War of the Rebellion: Serial 013 Page 0780 THE PENINSULAR CAMPAIGN, VA. Chapter XXIII.

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manner as to prevent a surprise, to resist an assault, and to re-enforce Featherston, whom a march by the left flank had placed in my front. Maurin's battery I posted on an elevation in the rear, whence it might fire without affecting our men and yet attain the enemy, who occupied another eminence across Beaver Dam Creek. Scarcely had I completed my arrangements when, by the light of the earliest dawn, the enemy began the attack. Featherston, being in advance, received the first shock. As rapidly as possible I hurried my troops to his assistance. We assumed the aggressive, and after an obstinate resistance of two hours the enemy were pushed back until our brigades were prepared to pursue them across Beaver Dam Creek; but General Wilcox arrived meantime with his brigade and determined not to take this step until a bridge could be constructed for the passage of the artillery. While we were engaged in that business Major-General Longstreet came up and assumed personal direction of our movements.

In this affair at Ellison's Mill my command sustained a considerable loss. The battalion of Lieutenant-Colonel Coppens and the Third Regiment Virginia Volunteers were especially distinguished.

Arriving at Hogan's house in pursuit of the enemy I was directed by Major-General Longstreet to conduct my brigade as an advance guard. I had not proceeded more than a mile when the enemy were observed in the woods on Dr. Gaines' farm. I detached a few companies to drive in his nearest skirmishers and to dislodge his sharpshooters from their cover. This was effected without much difficulty. A line of skirmishers extending along the entire front of the woods in rear of Dr. Gaines' house discovered to me the position in which the enemy had resolved to offer battle.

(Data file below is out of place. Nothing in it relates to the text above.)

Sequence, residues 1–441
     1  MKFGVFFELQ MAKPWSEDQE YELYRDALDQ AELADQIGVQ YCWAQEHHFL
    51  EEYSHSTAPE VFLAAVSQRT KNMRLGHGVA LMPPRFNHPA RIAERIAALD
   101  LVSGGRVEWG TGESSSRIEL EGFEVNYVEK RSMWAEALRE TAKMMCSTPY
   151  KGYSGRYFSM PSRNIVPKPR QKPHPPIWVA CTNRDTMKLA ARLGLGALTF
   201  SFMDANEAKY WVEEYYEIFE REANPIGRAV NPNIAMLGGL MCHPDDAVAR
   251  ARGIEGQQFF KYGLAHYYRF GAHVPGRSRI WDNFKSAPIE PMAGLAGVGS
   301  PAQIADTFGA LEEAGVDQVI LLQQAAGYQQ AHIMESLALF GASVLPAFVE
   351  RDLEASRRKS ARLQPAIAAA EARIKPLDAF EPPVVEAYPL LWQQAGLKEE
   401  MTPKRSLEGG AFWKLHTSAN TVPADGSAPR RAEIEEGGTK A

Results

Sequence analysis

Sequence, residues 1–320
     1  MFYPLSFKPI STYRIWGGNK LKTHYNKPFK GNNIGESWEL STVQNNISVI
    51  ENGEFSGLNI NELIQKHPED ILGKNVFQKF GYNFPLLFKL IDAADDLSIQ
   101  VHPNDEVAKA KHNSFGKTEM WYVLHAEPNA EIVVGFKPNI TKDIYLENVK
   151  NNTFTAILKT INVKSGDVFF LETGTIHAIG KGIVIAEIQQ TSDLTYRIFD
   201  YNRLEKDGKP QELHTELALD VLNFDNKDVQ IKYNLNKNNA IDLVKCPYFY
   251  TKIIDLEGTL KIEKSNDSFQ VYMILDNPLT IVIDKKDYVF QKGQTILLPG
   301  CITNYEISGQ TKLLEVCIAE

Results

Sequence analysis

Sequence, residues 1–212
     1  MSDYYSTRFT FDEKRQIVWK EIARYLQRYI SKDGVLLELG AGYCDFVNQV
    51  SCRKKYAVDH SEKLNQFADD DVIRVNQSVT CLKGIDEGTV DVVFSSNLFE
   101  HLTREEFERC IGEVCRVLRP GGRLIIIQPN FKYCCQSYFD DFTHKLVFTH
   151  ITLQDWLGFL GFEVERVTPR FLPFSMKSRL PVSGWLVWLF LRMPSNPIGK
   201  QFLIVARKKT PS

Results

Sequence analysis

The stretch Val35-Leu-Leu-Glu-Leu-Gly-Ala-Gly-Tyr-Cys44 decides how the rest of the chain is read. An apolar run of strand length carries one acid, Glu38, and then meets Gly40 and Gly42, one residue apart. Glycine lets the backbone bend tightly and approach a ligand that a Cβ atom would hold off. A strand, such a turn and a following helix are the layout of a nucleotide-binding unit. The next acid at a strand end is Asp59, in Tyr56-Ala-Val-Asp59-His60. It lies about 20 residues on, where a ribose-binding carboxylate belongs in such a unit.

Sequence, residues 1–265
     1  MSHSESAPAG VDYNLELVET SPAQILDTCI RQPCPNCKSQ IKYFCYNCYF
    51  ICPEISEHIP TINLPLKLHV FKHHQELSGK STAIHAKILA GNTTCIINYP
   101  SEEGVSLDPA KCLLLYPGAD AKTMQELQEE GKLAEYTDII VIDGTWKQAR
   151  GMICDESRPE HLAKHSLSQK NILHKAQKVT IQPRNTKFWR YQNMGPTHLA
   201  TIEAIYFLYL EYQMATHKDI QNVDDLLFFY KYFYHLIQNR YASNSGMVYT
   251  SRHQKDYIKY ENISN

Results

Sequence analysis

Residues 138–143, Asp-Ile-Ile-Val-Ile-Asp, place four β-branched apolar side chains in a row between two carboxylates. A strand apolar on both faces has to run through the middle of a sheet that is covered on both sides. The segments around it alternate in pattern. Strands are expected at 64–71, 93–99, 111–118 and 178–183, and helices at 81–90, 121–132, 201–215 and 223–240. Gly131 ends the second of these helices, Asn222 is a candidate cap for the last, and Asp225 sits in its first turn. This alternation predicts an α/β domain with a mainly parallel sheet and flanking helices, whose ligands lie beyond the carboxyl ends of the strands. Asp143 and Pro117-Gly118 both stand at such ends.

Of this position about 11 o'clock I attempted a reconnaissance. I deployed my entire brigade under a galling fire from the enemy's battery over the river and advanced across the field a distance of half a mile to within range of the enemy's infantry. I found him in very great force.

A few hours afterward Captain Meade, of Major-General Longstreet's staff, delivered me an order to engage the enemy. Immediately I moved from my position at Gaines' house straightforward to the wood in which the enemy was concealed. Ascending the hill in front of his position, my men were staggered by a terrific volley at the same time that they suffered severely from the battery across the Chickahominy. I was compelled to retire them to the cover of a ravine in my rear. After the lapse of a few moments I again moved them forward, and again they encountered a fire which it was impossible to endure. This time, however, they were not arrested before they had rushed down to the edge of the wood where the enemy lay.

In these assaults I sustained a very great loss-as much almost from the enemy's artillery as from his infantry fire. A single shell killed and disabled 11 of my men.

Meanwhile Wilcox had come to my assistance. Then Featherston and Picket appeared. Forming line on the acclivity of the hill which screened us from the enemy we moved forward, but for several minutes of painful suspense we were held in check by the deadly volleys poured upon us. At last, with a terrific yell, our brave men rushed down the hill, leaped the ditch, and drove the enemy from his position at the point of the bayonet. Emerging from the woods, they encountered and awful fire of grape and canister from several batteries in the field before them. Nevertheless they pressed on, drove the enemy from his second line, and captured his artillery. So the field was won.